Platelet-rich plasma, or PRP, has exploded in popularity in sports medicine in recent years. Before you get this treatment, here are some points to consider for your pain or injury.
An Internal medicine physician in South Carolina asks:
I have had a lot of patients in my office recently ask me about platelet-rich plasma. It’s been in the news a lot lately, and I’ve seen your name quoted in an article in the Post and Courier. I have a lot of patients with arthritis. Does it work? What has been your experience with it?
I can’t remember a topic in the last few years in sports medicine that has generated as much public interest as platelet-rich plasma. In the last few months, I’ve done interviews on the subject with the Post and Courier, Becker’s Orthopedic & Spine Review, and even, Popular Mechanics. When Outpatient Surgery Magazine recently asked me to do an interview on emerging trends in orthopaedic surgery and sports medicine, the first one I mentioned was platelet-rich plasma.
Points to consider about platelet-rich plasma
I think the appeal of platelet-rich plasma to the general population comes from a desire to avoid surgery at all costs and wanting the latest and greatest treatments and technologies. I certainly understand the desire to avoid surgery. I see it all the time with people who avidly participate in a specific sport or exercise and don’t want to stop. Certainly I would agree that if you can get someone better without surgery, that is absolutely a desirable goal. Wanting the latest treatment, even when it’s an unproven one, has always been a part of healthcare. I think it’s somewhat related to marketing and media attention, and this is no exception.
I do think that there are a couple points to keep in mind with platelet-rich plasma. First of all, it is still an unproven treatment strategy. The basic science theory makes perfect sense. The physician takes blood from the patient and spins off the white blood cells and red blood cells and reinjects the plasma. Plasma and its growth factors stimulate an inflammatory response, which in theory gets the diseased area to heal.
Research proving the benefits of PRP
However, research that shows a definite improved healing response is lacking. The problem with the studies out there is that they have been mainly case series and not randomized control trials against a placebo, or even traditional treatment measures, such as cortisone injections. Some of the studies give reason for optimism, though, as there does seem to be at least some benefits in the case series. Only time and further research will show whether or not the technology works in real patients.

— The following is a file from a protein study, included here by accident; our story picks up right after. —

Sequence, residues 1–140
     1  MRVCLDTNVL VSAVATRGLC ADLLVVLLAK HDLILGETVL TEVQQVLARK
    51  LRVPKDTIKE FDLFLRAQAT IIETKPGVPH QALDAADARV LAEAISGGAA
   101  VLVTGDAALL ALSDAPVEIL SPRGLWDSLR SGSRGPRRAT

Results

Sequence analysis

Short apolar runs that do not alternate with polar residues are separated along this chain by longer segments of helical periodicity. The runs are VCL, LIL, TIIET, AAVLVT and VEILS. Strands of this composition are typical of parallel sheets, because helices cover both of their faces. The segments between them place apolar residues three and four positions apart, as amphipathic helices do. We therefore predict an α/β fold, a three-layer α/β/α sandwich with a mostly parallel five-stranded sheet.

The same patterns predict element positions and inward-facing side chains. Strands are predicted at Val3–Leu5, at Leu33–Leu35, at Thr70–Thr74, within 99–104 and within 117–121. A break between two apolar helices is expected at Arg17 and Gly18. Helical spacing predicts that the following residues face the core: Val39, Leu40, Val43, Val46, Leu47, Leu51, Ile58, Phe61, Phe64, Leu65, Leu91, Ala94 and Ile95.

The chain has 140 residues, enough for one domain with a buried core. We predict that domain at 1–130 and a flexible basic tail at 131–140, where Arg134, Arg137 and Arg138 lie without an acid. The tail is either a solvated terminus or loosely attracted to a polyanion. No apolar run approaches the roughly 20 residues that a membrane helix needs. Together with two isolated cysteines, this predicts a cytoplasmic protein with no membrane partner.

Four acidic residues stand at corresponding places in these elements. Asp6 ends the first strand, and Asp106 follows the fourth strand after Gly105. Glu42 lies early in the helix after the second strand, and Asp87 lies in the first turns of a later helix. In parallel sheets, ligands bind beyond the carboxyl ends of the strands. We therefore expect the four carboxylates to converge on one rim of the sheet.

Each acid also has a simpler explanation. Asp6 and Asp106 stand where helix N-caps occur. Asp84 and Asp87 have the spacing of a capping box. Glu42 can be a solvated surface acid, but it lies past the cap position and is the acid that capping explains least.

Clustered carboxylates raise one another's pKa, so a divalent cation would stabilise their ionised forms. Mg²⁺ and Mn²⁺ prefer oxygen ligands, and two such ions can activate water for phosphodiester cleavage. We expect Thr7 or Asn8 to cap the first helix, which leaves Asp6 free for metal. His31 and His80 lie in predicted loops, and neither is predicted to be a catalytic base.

Another important point is that it seems to be mainly a treatment for tendon and ligament injuries. In theory, it seems to have the best applications for disease processes where there is tendinopathy, or problems where there is a small area of intrinsic degeneration within the tendon. Examples of this are lateral epicondylitis (tennis elbow), patellar tendinopathy, and insertional Achilles tendinopathy. It also seems to work well for certain ligament injuries, such as medial collateral ligament (MCL) injuries. Unfortunately, despite what a few proponents of platelet-rich plasma suggest, I see no reason that it would be beneficial for osteoarthritis, especially arthritis that has progressed to the point that patients have bone rubbing against bone. Maybe I will be wrong, and I hope so, but I don’t see any way that the platelet-rich plasma would stimulate new bone and cartilage formation in a worn out joint.
Talk to your doctor about PRP
Finally, if a patient wonders if he or she is a good candidate for platelet-rich plasma, I think the discussion is best held between the patient and physician. Talk to the sports medicine physician and see if it might be a reasonable option depending on what the problem is. Regrettably, I have had two patients in the last month who traveled over two hours to get PRP for severe arthritis. Not only had both of them traveled a long way to find out that this treatment is probably not appropriate for their problems, but even if it had been appropriate, we likely would not have been able to do it right then anyway. We are close to having done enough to purchase our own centrifuge, but most of the time, these injections are scheduled so that the representative can bring the equipment. The patient would see us initially and together we would decide if it’s an appropriate treatment. If it is, then we would schedule an injection.
Use of PRP for arthritis of the knee
Platelet-rich plasma not covered by insurance
The patient also has to remember that as of now, these injections are not covered by insurance. The patient has to be ready to pay out of pocket for the injection. We only charge what the product company is charging us for it. We do add on a procedure fee for the injection that is billed with insurance, but the actual PRP injection has to be paid for by the patient. I think as the research progresses, and especially if it shows a definite benefit, insurance companies will get on board and start paying for the treatment.
Short-term experience with PRP
As for results in my experience, I will say that at least the short-term results have been encouraging. I have used it for insertional Achilles tendinopathy, quadriceps tendinopathy, and tennis elbow. The patients who are far enough out from the injection to see a result seem to be doing much better than before the injection. For patients with symptoms and problems that might be appropriate for PRP, I am going to use it more. I do think that patients need to have realistic discussions about the technology to see if it is right for them.